Senator Marchione Announces Senate Passage of her Legislation to Include Wynantskill Creek in the Definition of “Inland Waterways”

| April 24, 2013

Senator Marchione Announces Senate Passage of her Legislation to Include Wynantskill Creek in the Definition of “Inland Waterways”

For Immediate Release: April 23, 2013

Contact: Josh Fitzpatrick, (518) 455-2381; 


Legislation would include Wynantskill Creek within definition of “Coastal and Inland Waterways program” 

Less than four months into her tenure, Senator Kathleen A. Marchione (R,C-Halfmoon) today announced the Senate’s passage of her legislation, Senate Bill S.4080, which amends the State’s Executive Law to include Wynantskill Creek in the definition of “inland waterways” for the purpose of waterfront revitalization and inclusion within the State’s Coastal and Inland Waterways program. Senator Marchione’s legislation passed the Senate unanimously during today’s Session and marked the first of Senator Marchione’s bills to pass the State Senate.

Designation as an “inland waterway” is critically important as it allows local communities along the waterway to be eligible to participate in New York’s Coastal and Inland Waterways Program. The State offers a grant program, funded through the Environmental Protection Fund, which assists communities in developing and implementing local waterfront revitalization programs that maximize the beneficial use of the waterfront. In recent years, several New York waterways have been added to the definition, reflecting the interest in, and benefits of, the program. 

The legislation was called for by the Town of Sand Lake, which unanimously passed a legislative resolution on December 12 of last year in support of Wynantskill Creek receiving the inland waterway designation. Assemblyman Steve McLaughlin (R,C,I-Melrose) is the prime sponsor of the “same as” (companion) legislation in the State Assembly, Assembly Bill A.4579. 

“I am thrilled that my legislation has passed the Senate as it will ensure that Wynantskill Creek is included within New York’s Coastal and Inland Waterway program to promote new opportunities for responsible waterfront revitalization. Wynantskill Creek has a rich history and the legislation will help promote this important waterway, strengthening its economic, regional and environmental importance to local communities,” Senator Marchione said.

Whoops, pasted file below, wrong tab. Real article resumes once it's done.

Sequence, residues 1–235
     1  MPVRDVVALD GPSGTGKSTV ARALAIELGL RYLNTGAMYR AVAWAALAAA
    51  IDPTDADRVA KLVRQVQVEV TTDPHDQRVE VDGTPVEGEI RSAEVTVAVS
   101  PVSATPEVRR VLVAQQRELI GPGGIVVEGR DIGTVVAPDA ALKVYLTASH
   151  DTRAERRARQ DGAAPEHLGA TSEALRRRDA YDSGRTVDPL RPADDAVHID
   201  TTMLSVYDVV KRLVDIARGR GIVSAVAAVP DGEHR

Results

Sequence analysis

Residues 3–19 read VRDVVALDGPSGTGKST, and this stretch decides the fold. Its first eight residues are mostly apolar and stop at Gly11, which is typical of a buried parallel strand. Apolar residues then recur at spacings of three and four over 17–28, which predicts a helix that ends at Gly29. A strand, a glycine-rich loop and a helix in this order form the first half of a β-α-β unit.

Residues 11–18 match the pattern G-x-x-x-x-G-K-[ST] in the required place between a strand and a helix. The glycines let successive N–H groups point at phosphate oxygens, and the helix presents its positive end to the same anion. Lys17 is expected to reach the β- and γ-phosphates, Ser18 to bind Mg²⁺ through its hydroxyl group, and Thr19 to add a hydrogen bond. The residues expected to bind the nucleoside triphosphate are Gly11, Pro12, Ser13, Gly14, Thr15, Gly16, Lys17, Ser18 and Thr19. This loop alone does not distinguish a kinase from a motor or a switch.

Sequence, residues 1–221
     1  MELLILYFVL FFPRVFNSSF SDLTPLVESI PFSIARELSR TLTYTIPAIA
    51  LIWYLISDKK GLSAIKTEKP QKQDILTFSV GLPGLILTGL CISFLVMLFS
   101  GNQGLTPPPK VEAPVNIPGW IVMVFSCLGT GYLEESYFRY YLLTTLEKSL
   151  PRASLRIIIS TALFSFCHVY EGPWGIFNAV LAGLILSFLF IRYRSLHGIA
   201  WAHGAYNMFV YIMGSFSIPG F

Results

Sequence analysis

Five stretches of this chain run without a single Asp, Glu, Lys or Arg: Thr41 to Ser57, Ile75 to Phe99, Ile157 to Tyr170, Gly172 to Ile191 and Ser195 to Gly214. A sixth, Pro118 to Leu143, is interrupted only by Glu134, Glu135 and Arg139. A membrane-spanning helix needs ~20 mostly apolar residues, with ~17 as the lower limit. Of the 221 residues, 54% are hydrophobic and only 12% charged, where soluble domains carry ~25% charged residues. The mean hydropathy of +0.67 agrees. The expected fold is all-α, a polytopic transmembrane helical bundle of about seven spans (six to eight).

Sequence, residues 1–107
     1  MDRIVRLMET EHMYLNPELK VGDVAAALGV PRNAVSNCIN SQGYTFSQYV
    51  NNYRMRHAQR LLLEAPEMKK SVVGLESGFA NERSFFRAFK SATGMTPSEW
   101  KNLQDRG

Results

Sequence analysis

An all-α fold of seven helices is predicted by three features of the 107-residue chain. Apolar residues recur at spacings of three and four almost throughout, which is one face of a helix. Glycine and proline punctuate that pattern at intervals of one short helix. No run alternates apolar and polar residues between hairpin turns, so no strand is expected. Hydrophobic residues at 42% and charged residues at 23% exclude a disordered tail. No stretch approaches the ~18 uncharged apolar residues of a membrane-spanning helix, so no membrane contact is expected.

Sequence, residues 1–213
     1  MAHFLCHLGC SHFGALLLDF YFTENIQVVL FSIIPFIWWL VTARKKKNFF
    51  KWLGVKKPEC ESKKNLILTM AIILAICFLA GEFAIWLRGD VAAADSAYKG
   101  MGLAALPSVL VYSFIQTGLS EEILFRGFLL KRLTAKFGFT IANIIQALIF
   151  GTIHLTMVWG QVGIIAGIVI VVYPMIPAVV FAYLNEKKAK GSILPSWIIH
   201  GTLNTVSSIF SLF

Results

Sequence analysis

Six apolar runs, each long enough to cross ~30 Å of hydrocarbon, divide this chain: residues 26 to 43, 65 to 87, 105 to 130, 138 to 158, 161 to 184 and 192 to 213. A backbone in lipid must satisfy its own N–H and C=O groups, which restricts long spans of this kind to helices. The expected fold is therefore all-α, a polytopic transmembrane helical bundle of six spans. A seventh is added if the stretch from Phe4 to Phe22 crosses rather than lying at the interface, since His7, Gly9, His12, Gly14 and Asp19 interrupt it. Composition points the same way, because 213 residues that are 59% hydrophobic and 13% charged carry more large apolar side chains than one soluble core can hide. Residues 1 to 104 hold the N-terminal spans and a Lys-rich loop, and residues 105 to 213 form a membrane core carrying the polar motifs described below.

“I applaud the State Senate for acting swiftly and passing this important piece of legislation that will preserve the history of the Wynantskill Creek, enhance its image for the many communities it serves, and develop several miles of the creek for increased public access and use,” said McLaughlin. “Senator Marchione, Town Supervisor Fasoldt and I realize that participating in this local waterfront revitalization program will be invaluable going forward in an effort to energize economic development in our local communities. I am working steadfast with the Assembly environmental conservation committee to ensure this highly beneficial legislation is voted on and passed in the Assembly.” 

Sand Lake Supervisor Flora Fasoldt credited the Town’s Planning and Economic Development Committee with seeking State Legislation to designate the Wynantskill Creek as an inland waterway. “This designation will provide significant quality of life and economic opportunities to our Town. Sand Lake will now be eligible for grant funding for a broad range of projects. This legislative initiative can be invaluable in enhancing and revitalizing areas along the creek and in fostering beneficial use of the waterway,” said Fasoldt. 

“I was proud to work with localities such as the Town of Sand Lake, along with my colleague Assemblyman Steve McLaughlin, who is championing this measure in the Assembly, in developing and advocating for this necessary legislation. I look forward to more opportunities to proactively collaborate with my partners in government to address local needs and work collaboratively to help turn good ideas into even better laws,” Senator Marchione stated.

Located in Rensselaer County, Wynantskill Creek feeds into the Hudson River, which is already defined as an inland waterway. Wynantskill Creek is of great historical importance, as it provided the water power that fueled the Industrial Revolution and served mills dating back to the Manor of Rensselaerwyck, as well as the ironworks that provided the plate for the Civil War ironclad ship, the Monitor.

In its picturesque 14-mile course from its headwaters at Crooked Lake, Wynantskill Creek drains Glass Lake, the three Burden Lakes, Crystal Lake, Reichard’s Lake, Snyder’s Lake and Burden Pond, passing through the towns of Sand Lake and North Greenbush, and descending over several waterfalls through the City of Troy to the Hudson River. One half mile is devoted to a footpath with public fishing rights, offering wild brook trout and brown trout stocked by the Department of Environmental Conservation, while many more miles remain undeveloped, presenting significant potential for increased public access and passive recreational use.  

In terms of any fiscal impact of Senator Marchione’s Senate legislation and its Assembly companion, there is none to the State. However, the towns and businesses located along Wynantskill Creek will benefit economically from the designation as an inland waterway.


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